Clash over gender plan in BBI for governors, their deputies

Governors yesterday failed to agree on a proposal in a document seeking to make changes to the constitution that will require them to seek running mates of the opposite gender.

County bosses were contributing to debate on the matter at Enashipai Spa in Naivasha where they are holed up for a two-day retreat to discuss the Building Bridges Initiative (BBI) report.

Majority of the governors faulted the proposal, noting that there should be freedom of choice for those seeking the top seat. The BBI report proposes that governors and their deputies should not be of the same gender. The task force on the BBI recommended that the running mate of every candidate for the position of county chief be of the opposite gender.

Women governors, however, said they fully supported the proposal as it would give them a chance to learn and take office in future. Of the 47 governors, only Charity Ngilu (Kitui) and Anne Waiguru (Kirinyaga) are women. Former governor Joyce Laboso was the county boss in Bomet before her death last year.

Meru Governor Kiraitu Murungi said the decision on who to elect as the running mate should lie squarely with the candidate.

Murungi admitted that the issue had been discussed in the meeting, but they had failed to reach a consensus with each giving a varying opinion.

“The decision on who should be the running mate in the race for the governor’s seat should be decided by the candidate himself and not BBI,” he said.

He revisited the issue of qualifications for Members of County Assemblies (MCAs), adding that it should be allowed to continue as it is, at diploma level.

Addressing the Press on the sidelines of the meeting, Migori Governor Okoth Obado said women should be given a chance to compete with their male colleagues. Obado noted the BBI proposal to have female candidates as the deputy governor was flawed and unconstitutional.

“Even in a mature democracy like the US, the candidates make their decision on who should be their running mate,” he said.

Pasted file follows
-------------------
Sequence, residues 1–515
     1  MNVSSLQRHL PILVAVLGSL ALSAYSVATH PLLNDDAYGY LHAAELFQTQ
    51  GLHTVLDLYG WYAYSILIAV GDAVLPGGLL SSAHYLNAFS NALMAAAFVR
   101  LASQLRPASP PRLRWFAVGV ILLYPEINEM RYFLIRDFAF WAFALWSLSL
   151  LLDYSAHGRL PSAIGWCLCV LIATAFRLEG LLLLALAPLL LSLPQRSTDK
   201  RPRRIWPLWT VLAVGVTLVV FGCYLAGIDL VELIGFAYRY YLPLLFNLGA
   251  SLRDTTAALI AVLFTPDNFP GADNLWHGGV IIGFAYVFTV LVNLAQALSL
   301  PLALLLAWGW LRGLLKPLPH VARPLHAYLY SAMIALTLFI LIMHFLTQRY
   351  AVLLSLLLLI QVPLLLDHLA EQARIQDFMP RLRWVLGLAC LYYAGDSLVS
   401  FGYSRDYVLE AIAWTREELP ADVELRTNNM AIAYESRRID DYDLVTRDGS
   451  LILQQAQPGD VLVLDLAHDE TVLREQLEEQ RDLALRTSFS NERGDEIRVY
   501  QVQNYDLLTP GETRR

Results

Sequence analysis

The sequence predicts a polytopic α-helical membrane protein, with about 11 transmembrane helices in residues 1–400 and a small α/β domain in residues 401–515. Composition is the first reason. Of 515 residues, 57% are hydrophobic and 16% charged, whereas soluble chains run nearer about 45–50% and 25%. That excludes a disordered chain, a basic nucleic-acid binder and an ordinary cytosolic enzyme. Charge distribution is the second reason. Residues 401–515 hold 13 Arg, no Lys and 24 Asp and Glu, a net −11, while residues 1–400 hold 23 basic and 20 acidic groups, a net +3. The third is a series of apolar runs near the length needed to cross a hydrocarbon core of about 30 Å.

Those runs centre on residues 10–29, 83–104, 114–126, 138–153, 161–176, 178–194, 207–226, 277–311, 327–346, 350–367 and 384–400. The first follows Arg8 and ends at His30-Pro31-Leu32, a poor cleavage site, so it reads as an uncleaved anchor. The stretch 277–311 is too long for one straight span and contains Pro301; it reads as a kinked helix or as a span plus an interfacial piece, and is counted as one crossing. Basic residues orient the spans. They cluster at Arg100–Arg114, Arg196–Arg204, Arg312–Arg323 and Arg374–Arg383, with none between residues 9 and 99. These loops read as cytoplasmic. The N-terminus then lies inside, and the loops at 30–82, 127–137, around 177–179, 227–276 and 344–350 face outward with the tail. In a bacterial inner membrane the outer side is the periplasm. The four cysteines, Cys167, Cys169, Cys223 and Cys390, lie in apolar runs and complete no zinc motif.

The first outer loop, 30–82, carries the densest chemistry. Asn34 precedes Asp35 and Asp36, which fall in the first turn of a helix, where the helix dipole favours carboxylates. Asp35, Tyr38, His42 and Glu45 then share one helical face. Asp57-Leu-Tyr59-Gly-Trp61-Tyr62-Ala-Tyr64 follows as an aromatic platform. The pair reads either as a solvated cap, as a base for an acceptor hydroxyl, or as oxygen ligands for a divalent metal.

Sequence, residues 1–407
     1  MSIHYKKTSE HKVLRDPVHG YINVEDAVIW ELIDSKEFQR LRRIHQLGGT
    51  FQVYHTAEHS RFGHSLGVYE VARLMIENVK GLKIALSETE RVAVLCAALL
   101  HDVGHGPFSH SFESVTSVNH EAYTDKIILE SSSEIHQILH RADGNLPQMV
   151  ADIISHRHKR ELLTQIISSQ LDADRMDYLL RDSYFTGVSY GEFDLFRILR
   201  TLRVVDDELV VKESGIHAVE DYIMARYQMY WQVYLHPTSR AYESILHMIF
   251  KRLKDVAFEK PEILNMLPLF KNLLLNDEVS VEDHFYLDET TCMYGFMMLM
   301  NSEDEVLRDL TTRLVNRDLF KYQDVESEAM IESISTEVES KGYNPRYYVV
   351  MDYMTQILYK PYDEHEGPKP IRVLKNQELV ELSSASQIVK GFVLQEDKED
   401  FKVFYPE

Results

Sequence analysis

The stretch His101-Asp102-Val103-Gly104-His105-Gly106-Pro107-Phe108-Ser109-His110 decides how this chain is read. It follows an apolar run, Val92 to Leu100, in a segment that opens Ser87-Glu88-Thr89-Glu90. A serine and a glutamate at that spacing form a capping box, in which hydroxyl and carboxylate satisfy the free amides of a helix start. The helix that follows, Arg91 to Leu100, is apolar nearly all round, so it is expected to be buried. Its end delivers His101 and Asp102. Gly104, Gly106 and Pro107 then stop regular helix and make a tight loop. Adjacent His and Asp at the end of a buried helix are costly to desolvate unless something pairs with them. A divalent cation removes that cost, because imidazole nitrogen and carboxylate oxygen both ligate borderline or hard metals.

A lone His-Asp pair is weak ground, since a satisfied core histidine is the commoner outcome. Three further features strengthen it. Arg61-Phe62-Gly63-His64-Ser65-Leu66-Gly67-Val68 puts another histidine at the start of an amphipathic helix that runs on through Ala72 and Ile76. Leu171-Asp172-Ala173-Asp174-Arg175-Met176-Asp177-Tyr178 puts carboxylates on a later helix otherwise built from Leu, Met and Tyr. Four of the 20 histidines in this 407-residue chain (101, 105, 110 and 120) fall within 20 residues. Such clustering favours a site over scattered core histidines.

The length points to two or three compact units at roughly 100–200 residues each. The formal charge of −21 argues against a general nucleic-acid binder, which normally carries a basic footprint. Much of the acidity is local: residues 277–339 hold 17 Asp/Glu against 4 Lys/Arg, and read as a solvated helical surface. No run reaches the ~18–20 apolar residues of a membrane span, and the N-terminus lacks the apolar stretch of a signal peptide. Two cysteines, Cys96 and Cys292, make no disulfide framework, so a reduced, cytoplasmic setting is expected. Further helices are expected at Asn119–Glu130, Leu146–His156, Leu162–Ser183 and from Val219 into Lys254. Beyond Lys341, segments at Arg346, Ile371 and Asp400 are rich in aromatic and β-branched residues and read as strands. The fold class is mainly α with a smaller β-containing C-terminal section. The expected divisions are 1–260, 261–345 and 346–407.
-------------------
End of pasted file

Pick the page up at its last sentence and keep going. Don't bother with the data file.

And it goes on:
Obado pointed out that more issues were at play while selecting a running mate and do not entirely rely on gender.

“If a male gubernatorial candidate feels that a male candidate is drawn from a certain sub-county or carries with them some influence and qualifications that would make him win an election, his hands should not be tied,” said Obado.

He at the same time took issue with those claiming that the window of amending the BBI document was closed, warning that contentious issues should first be resolved.

Nakuru Governor Lee Kinyanjui described the proposal to have gender at play in the governorship race as an infringement on the country’s quest to attain democracy.

“The BBI recommendation to prescribe a gender configuration for gubernatorial aspirants is retrogressive and an abuse of the democratic spirit which we stand for as a country,” said Kinyanjui.

On the issue of degrees for MCAs, Bungoma Governor Wycliffe Wangamati noted that this was not in the BBI report, adding that this could lock out many candidates.

“The biggest winner in this report is devolution and we are keen to strengthen and address the clauses that have problems,” he said.

Ngilu, however, differed with her male counterparts, noting that women should be made running mates as per the recommendations.

West Pokot Governor John Lonyangapuo said the Constitution was silent on the roles of deputy governor.

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